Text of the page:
When I run a simulation, it appears that S1 and S2 are negatives of one another (S1 = -S2). Is there a way to calculate the exact values?

My best guess is that I need to set-up a system of equations and then find the steady-state output (given constant input C). However, my calculations seem to fall apart when I actually try to doing them.

I'm attempting to calculate the steady-state state variables for a digital biquad filter direct form II (transposed). Illustration

For example, let assume the filter is fed a constant input of magnitude C. What would be the best method to calculate the internal state variables as the filter approaches steady state?

When I run a simulation, it appears that S1 and S2 are negatives of one another (S1 = -S2). Is there a way to calculate the exact values?

My best guess is that I need to set-up a system of equations and then find the steady-state output (given constant input C). However, my calculations seem to fall apart when I actually try to doing them.

Edit: So after working this problem a little longer, I was able to determine the following:

$$S_{1}[n] = -S_{2}[n] = X[n]\cdot (Gain_{DC} - b_{0})$$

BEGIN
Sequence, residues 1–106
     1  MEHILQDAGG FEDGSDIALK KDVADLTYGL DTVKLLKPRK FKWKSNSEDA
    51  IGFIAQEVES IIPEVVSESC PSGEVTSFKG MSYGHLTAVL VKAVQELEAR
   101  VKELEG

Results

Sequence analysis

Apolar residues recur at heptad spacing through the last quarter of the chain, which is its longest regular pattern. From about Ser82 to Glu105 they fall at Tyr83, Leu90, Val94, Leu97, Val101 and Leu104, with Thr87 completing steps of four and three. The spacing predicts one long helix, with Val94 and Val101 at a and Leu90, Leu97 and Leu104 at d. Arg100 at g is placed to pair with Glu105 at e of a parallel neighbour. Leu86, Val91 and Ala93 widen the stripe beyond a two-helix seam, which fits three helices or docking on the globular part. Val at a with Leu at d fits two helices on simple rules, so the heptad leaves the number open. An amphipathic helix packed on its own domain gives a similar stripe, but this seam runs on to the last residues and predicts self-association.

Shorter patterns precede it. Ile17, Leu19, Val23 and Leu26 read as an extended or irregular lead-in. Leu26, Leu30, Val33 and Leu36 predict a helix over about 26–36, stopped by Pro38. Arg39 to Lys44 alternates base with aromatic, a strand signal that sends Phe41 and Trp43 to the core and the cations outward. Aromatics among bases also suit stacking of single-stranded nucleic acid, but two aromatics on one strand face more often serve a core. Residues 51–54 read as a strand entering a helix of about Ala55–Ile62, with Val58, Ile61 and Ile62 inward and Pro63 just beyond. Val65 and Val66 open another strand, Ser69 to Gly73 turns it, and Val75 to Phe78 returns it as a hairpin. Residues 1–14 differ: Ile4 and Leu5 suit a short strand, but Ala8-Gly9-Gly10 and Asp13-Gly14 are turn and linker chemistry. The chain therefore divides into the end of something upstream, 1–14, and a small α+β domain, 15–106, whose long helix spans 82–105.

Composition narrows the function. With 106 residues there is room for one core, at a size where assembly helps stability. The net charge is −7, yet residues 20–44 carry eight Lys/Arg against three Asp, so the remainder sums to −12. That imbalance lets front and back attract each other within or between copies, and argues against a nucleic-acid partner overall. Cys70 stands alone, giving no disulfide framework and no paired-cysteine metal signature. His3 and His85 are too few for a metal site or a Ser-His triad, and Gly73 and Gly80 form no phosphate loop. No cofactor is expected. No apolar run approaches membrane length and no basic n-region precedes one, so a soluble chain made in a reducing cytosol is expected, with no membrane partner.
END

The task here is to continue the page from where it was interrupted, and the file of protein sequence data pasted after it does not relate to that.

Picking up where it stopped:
The DC gain is then found by taking the Z transform of difference equations and setting Z = 1.

However, I'm still not sure why S1 = -S2. Maybe someone can comment on this.

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# How would I calculate the state-variables of digital biquad filter (direct form II transposed) at steady-state?

I'm attempting to calculate the steady-state state variables for a digital biquad filter direct form II (transposed). Illustration

For example, let assume the filter is fed a constant input of magnitude C. What would be the best method to calculate the internal state variables as the filter approaches steady state?

When I run a simulation, it appears that S1 and S2 are negatives of one another (S1 = -S2). Is there a way to calculate the exact values?

My best guess is that I need to set-up a system of equations and then find the steady-state output (given constant input C). However, my calculations seem to fall apart when I actually try to doing them.